The bench was produced through aluminium extrusion, a process in which heated metal is pressed through a hole shaped according to the desired form, similar to the way that pasta shapes are made.
Beller Fjetland partly based the shape of Bello! on a piece of penne rigate, giving it a ridged surface texture.
"The subtle ridges add so much value – you just have to run your fingers across the surface," said the designer. "These tactile discoveries mean so much to me."
"With this design I really wanted to emphasise the possibilities of extruded aluminium," he added. "It is very much a culmination of everything I appreciate – from the planes, trains and buses that were designed in the 1930s–1970s, to brutalist architecture and, last but not least, pasta."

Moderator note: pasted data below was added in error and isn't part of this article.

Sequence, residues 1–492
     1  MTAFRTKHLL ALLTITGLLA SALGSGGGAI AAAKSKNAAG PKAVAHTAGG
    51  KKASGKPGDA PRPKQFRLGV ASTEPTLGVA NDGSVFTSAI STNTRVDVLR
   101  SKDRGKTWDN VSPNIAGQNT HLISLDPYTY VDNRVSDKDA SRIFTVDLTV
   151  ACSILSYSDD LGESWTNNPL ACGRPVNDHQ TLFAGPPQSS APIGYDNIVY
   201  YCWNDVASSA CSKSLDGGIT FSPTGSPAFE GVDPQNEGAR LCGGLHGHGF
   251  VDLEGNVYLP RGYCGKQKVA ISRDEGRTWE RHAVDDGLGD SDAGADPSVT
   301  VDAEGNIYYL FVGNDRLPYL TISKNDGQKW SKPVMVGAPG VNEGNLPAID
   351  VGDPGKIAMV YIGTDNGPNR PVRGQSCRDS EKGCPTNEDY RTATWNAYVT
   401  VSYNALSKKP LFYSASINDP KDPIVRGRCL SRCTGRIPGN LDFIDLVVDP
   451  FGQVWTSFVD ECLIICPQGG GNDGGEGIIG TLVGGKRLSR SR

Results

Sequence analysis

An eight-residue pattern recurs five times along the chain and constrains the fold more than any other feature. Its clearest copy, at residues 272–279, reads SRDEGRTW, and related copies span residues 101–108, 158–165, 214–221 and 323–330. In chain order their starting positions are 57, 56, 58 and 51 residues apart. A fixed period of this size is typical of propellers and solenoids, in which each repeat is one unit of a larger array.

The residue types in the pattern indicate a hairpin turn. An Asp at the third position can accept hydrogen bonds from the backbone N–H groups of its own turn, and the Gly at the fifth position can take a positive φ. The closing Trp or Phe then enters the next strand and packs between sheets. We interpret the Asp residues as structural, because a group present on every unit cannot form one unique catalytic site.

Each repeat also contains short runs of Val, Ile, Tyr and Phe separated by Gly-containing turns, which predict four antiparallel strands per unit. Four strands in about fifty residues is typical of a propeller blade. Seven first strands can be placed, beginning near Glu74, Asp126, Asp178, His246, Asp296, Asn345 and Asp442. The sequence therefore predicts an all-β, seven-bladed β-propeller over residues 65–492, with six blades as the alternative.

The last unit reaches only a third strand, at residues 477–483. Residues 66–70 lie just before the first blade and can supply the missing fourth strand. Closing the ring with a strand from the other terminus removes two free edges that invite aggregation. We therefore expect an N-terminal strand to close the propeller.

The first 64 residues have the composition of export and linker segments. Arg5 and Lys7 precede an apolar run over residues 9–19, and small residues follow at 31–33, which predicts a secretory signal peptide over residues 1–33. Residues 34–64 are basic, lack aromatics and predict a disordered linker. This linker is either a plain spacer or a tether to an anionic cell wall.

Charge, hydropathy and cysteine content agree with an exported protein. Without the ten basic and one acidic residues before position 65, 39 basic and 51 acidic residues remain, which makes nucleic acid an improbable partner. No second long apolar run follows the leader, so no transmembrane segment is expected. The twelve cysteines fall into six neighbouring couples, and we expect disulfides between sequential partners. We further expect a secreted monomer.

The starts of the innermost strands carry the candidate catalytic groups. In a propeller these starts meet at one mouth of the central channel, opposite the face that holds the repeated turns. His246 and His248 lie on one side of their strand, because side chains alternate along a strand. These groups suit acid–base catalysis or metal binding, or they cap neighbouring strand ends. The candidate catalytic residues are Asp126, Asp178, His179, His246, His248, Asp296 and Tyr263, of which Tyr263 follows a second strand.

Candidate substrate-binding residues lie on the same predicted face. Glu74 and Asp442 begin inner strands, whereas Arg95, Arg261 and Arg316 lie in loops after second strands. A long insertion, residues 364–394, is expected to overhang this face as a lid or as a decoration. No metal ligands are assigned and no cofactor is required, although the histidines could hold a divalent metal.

Its aluminium structure means that Bello! is lightweight, strong and durable, and was intended to be suitable for high-traffic places like public transportation hubs.
An internal support structure means Bello! can be modified to integrate additions such as tables, lamps, or chargers, or for multiple benches to be joined together seamlessly.
Despite the high proportion of recycled material used in the bench, no traces remain of the aluminium's former uses – such as a drinks can or a window frame.
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